The 4 Stages of Business Evolution, Stage 1- Reactive

Blog #203 Helping organizations get to the next level and beyond is my specialty. I feel that I am clarifying and defining the growth curve due to a combination of working with some new organizations along with several mid- and long-term clients. I believe there are typically four stages in the evolutionary path that these leadership teams and companies go through. In this four-piece blog series, I will review what

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list are important

Why Issues Lists Are Necessary

Blog # 202 Within my session space, I have recently come into the modern electronic world kicking and screaming. I added two 65-inch monitors with wireless connections, which works well for reviewing documents. The biggest benefit is that this allows me to capture and create an ongoing Issues List while working with clients. These new screens allow me to use my computer. Translation: there is spell check (my spelling blows)

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A CEO Passes On, Now What?: Hit by a Bus, Part 2

Blog #201 In my last blog, #200, I outlined a high-level workshop I do with leadership teams that is designed to get the team thinking about identifying and documenting continuity challenges they would face if any one of them was “Hit by a Bus”. This blog describes a more specific exercise and the impact it can have when talking about the sudden absence of a CEO and/or owner. For this

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Hit by a bus

Continuity Planning: Hit by a Bus

Blog #200 In this two-part blog series, we’ll explore the fun, yet really important topic of continuity planning. The first blog will illustrate how to do this with your entire leadership team, while next week’s blog will be specific to CEOs.   In the team version of my workshops, this exercise is designed to smoke out a whole host of uncomfortable and hopefully never-needed issues. However, when these issues are identified

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Janine Kirsch (EAs Executive Assistant)

Trust your Assistant; Focus on Time and Talents

Okay, full disclosure here. I admit that letting go of bad habits is an area for which I still have opportunity for growth. I often say there are only three things we can leverage in this world – our time, treasure and talent. To maximize our time, we must be willing to let go, trust and fully embrace the idea that sometimes there are others who can handle projects for

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evolution in thinking

Technology: An Evolution in Thinking

Okay, I’ll admit it. Sometimes I can be a bit of a curmudgeon. Sometimes I like things a certain way. However, I’ve typically thought things through and am set in my decision. This old way of thinking was particularly strong when it came to allowing electronic devices in my leadership strategy or coaching sessions. To be candid, though, I’ve undergone an evolution in thinking regarding the use of technology in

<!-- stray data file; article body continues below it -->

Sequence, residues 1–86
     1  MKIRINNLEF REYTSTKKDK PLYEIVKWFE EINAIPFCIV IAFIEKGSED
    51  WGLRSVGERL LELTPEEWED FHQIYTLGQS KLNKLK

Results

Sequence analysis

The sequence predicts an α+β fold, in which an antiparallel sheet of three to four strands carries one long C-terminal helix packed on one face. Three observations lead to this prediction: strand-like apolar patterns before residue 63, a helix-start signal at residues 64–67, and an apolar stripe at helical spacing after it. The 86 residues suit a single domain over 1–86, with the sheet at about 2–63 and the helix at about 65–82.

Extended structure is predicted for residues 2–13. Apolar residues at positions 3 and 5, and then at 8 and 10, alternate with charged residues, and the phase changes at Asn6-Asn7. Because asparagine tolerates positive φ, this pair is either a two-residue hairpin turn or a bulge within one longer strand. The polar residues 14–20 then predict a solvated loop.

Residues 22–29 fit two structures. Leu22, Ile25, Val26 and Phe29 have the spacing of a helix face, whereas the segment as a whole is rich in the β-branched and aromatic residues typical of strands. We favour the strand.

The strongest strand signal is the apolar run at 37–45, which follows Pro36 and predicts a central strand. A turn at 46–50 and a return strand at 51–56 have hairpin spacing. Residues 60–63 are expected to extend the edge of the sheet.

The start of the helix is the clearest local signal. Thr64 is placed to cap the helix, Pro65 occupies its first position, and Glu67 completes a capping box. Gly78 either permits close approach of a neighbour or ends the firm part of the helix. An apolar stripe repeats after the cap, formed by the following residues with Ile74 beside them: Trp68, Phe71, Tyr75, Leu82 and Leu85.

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Success, the effort is worth it!

It’s Worth the Effort

With the warm sun coming down on my face, I sat in the grass, tired and shivering as I watched runner after runner cross the finish line. Many of these athletes raised their hands in victory, while some doubled over, bursting into tears. Some had loved ones rush up to support them. More than once, I heard an unbelievably excited “Mommy!” or “Daddy!” then watched a small child come running

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more customers

How to Get More Customers

When appropriate, one of the exercises I do with my teams has jokingly become known as “Butts in Seats”. This phrase began during my work with an organization that owns and purchases dental practices; however, these ideas fit for anyone with multiple “customers” or “clients”. For this group and many others, there are plateaus and stairsteps in growth – a common pattern in rapidly developing organizations that are proactively building

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driving into the wall

Driving Intention

Not long ago, I had a coaching call with a senior leader of an organization I have been working with for a couple years. The company has turned some major corners, overcome big obstacles, transitioned to having the right people in the right seats, and turned their bottom line around. In other words, things are running well. It’s great, but it could be better. This team has done a great

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debriefing is important

How to Debrief and Why It Matters

Recently, Reka and I facilitated our first offsite couples retreat. We learned that we have huge opportunities for improvement; however, for the most part, it was a spectacular experience. Last night, the two of us sat on our back deck, ate dinner, and started the first day of a multi-day debrief. Sometimes, I call this process a “postmortem” examination. Whatever you call it, taking the time to review what worked,

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